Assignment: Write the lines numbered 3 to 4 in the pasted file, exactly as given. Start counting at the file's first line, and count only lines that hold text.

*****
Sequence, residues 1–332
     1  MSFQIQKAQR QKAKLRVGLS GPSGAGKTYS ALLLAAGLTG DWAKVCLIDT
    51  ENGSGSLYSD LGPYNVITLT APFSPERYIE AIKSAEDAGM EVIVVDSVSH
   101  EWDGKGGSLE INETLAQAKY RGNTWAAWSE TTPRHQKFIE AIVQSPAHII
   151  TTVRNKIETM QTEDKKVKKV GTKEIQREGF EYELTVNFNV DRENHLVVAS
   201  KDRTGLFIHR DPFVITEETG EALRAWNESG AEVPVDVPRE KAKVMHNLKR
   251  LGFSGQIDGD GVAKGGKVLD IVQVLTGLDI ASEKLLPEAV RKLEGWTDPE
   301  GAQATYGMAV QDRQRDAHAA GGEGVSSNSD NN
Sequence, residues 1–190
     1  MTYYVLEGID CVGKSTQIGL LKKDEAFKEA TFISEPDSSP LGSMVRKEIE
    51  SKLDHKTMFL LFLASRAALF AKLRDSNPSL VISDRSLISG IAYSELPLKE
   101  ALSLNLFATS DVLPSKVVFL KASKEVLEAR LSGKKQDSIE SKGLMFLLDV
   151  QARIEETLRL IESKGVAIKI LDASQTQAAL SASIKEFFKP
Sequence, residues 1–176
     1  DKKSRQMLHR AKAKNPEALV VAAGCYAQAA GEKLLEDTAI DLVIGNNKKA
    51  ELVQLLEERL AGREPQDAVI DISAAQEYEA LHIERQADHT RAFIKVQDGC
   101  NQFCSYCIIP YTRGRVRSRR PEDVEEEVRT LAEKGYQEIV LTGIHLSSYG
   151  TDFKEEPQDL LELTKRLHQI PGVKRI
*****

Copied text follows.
    51  ENGSGSLYSD LGPYNVITLT APFSPERYIE AIKSAEDAGM EVIVVDSVSH
   101  EWDGKGGSLE INETLAQAKY RGNTWAAWSE TTPRHQKFIE AIVQSPAHII